Andrew — thanks for your post. I would say a few things in response.
First, I hope you (and all NRO readers) will read the Witherspoon Institute’s report on the Social Costs of Pornography in its entirety (you can read the report here). This report, signed by more than 50 scholars representing a wide array of political views and academic disciplines, is much more comprehensive in its coverage of the evidence than I could be in a one-page post.
Second, I agree with your assertion that the data we have on the long-term effects of pornography are lacking relative to other sociological phenomena. This is, in large part, because many academics (to include funders at the NIH) feel as you do — that pornography research is a waste of time and money. Some believe pornography use is innocuous. Others think government has no legitimate role in addressing pornography use, even if it is harmful.
My own view is that the chasm between these detached and rather disingenuous perspectives on pornography use and the reality of families who are suffering from the impact of pornography addiction couldn’t be greater. Isn’t it time to prove or disprove the assumptive predispositions of those who claim pornography is harmless?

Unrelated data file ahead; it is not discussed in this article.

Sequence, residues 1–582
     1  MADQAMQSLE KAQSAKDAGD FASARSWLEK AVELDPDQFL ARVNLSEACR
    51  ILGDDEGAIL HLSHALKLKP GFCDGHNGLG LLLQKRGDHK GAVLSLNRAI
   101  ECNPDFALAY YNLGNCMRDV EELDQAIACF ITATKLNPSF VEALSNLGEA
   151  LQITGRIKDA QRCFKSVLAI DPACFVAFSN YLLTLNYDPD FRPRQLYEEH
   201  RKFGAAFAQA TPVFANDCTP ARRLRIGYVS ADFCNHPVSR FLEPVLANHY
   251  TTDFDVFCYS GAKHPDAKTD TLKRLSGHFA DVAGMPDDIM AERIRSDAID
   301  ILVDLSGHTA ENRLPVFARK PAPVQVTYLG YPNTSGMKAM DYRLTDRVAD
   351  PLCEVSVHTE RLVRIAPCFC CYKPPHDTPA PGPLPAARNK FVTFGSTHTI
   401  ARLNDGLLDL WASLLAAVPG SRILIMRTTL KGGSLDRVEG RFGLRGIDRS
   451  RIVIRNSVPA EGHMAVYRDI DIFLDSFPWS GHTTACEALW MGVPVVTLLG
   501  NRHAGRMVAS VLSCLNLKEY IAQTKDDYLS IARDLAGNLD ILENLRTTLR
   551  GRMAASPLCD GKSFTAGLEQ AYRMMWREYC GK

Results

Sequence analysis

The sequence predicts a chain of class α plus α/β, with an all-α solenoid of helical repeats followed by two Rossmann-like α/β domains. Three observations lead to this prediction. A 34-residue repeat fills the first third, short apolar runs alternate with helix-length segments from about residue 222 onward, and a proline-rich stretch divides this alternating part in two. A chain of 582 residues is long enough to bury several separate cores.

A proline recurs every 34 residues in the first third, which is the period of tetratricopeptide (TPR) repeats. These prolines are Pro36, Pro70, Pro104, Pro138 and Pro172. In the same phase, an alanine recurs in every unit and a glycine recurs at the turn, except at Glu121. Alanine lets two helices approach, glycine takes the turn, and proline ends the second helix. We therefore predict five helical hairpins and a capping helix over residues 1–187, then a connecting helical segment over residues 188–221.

It is no stretch to conclude from the Witherspoon report and related research that much of the data we have thus far point to the likelihood that regular, extended pornography use compromises one’s ability to sustain a healthy marriage, the very bedrock of our civilization. In this sense we have a legitimate public-policy issue on our hands. And for this reason, it seems a reasonable proposal that the NIH conduct a comprehensive, longitudinal analysis of the question. If indeed the social costs of pornography are real, then we should pursue with sincerity the issue of how to address this problem — both from a public-policy and a mental-health perspective.
— Hilary Towers is a psychologist and mother of five. She lives in Manassas, Va.